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10 Shocking Realities Of Modern Poverty

Morris M.

It’s kind of a no-brainer that poverty sucks—if it totally rocked, nobody would ever get a job. But what most of us probably don’t realize is how objectively horrifying being poor really is—at least, we don’t realize it yet. According to research, roughly 80 percent of Americans will experience at least one year of poverty in their lifetimes.

10 Chronic Illness


If we’re being unkind, our picture of the very poor probably involves junk-food addicts wheeling their way around Walmart, puffing on a cigarette and vaguely trying to remember when they last did any exercise. But this image has almost nothing to do with reality. A long-term Gallup study found that those in poverty are just as likely to eat healthily as the rest of us, only slightly less inclined to exercise, and equally clued-up about nutrition. Yet being poor increases your risk of chronic diseases to a stupid degree.

Here are some figures. If you’re poor, you’re almost twice as likely to be depressed. You’re significantly more likely to have asthma or diabetes, and you’re more likely to suffer a heart attack. The moment your income drops below a certain level, you’re statistically opening yourself up to a whole host of potentially life-threatening conditions. Unsurprisingly, that can take its toll.

9 Early Death


Here’s an unpleasant statistic: If you’re poor, you’ll die an average of five years earlier than everyone else. If that doesn’t sound so bad, you’re presumably having this read to you by a fleet of butlers on your luxury yacht. Five years is a heck of a difference, and it gets worse when you realize that isn’t even talking about the very poorest in society, such as the homeless—it’s simply people living in poverty, which the US government defines as earning less than $22,000 a year for a family of four.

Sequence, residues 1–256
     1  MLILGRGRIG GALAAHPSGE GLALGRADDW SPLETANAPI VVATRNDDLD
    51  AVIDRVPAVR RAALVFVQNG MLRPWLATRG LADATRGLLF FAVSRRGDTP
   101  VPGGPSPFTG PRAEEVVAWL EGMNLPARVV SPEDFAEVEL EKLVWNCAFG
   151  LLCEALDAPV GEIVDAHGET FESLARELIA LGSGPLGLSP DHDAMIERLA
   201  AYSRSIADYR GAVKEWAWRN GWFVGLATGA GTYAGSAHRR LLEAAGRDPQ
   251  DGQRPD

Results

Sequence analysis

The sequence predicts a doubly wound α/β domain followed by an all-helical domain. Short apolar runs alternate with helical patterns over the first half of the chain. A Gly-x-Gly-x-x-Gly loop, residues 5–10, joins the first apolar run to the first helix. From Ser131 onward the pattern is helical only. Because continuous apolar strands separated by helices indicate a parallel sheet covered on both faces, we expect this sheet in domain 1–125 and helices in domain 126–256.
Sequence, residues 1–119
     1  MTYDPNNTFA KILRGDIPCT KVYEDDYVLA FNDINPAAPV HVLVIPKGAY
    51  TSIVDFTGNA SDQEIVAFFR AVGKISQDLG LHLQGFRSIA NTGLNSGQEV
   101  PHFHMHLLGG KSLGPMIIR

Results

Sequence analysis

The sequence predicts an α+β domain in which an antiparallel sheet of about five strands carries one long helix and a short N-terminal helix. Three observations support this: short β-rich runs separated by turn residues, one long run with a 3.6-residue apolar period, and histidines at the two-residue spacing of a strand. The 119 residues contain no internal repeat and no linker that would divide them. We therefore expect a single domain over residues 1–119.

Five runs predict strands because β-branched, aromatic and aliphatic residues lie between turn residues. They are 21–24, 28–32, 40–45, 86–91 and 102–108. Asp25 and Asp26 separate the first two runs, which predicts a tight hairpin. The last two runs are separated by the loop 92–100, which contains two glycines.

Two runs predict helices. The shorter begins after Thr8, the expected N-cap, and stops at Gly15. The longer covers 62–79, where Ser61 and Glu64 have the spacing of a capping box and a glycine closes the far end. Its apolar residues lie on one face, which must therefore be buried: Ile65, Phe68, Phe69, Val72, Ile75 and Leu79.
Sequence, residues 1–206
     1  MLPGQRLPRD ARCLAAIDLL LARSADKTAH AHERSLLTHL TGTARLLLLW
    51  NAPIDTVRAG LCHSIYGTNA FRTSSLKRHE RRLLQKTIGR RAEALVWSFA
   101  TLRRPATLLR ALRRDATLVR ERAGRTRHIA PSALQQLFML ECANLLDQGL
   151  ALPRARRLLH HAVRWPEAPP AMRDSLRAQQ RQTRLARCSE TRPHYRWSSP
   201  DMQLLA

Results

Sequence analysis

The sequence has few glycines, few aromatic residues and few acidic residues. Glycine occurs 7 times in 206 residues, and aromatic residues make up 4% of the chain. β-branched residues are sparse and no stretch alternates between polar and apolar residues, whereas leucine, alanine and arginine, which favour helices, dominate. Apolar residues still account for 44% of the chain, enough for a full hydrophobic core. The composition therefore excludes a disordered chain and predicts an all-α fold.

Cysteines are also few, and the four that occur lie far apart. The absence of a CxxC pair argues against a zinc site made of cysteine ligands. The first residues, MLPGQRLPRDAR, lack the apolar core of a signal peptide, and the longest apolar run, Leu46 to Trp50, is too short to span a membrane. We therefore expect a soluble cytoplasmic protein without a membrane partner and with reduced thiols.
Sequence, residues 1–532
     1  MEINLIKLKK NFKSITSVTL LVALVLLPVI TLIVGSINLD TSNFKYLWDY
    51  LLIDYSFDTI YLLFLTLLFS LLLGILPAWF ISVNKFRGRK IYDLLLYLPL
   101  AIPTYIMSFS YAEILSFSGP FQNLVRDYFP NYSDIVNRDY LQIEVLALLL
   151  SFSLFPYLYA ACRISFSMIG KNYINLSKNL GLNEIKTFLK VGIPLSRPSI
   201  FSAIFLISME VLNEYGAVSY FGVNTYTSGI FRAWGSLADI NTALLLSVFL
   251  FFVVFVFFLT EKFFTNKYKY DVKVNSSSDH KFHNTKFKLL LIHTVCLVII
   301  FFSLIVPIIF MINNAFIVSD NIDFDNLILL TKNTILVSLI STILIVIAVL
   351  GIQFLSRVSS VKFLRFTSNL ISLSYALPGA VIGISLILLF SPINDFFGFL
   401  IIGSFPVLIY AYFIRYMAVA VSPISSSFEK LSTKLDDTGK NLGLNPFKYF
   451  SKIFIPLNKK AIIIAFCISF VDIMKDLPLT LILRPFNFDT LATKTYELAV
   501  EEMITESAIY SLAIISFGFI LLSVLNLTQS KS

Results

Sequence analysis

But wait, it gets worse. Poverty in the United States is not evenly spread. In fact, it tends to cluster around certain geographic areas. The result of is that, looked at on the county level, life expectancy gets even worse. Some poorer areas of the South have a male life expectancy of under 65. That’s lower than Nicaragua (70), Colombia (74), Guatemala (66), and on a par with North Korea. In case anyone needs reminding, Guatemala has a murder rate comparable to most war zones. This ain’t something to be proud of.

8 Low Social Mobility

Social mobility

High social mobility is a good thing. It’s what enables us to have a middle class, to have aspirations. It’s what stops us all from being the faceless serfs of a bunch of upper-class parasites. It fosters innovation, hard work, and competition—and we seem dedicated to utterly destroying it.

Right now, if you’re born poor in the US or UK, you stay poor. Our two countries have the worst levels of social mobility in the western world, with Australians and Canadians enjoying almost twice our levels. In the UK, being born into the bottom fifth of society means there’s a 30 percent chance you’ll stay there. In the USA, that rises to 42 percent. That means poverty is statistically a life sentence. Want to know why the so-called underclass seem lacking in aspiration? It’s because our society has taken away literally anything to aspire to.

7 Working Poverty

Loose change

While we’re on the subject of an underclass, let’s talk about “welfare queens.” You’ve probably heard the term—it refers to people who live off government benefits without a care in the world. And while it’s certainly true that there are lazy people in all strata of society, the vast majority of people seeking handouts are either in work or too young to work at all.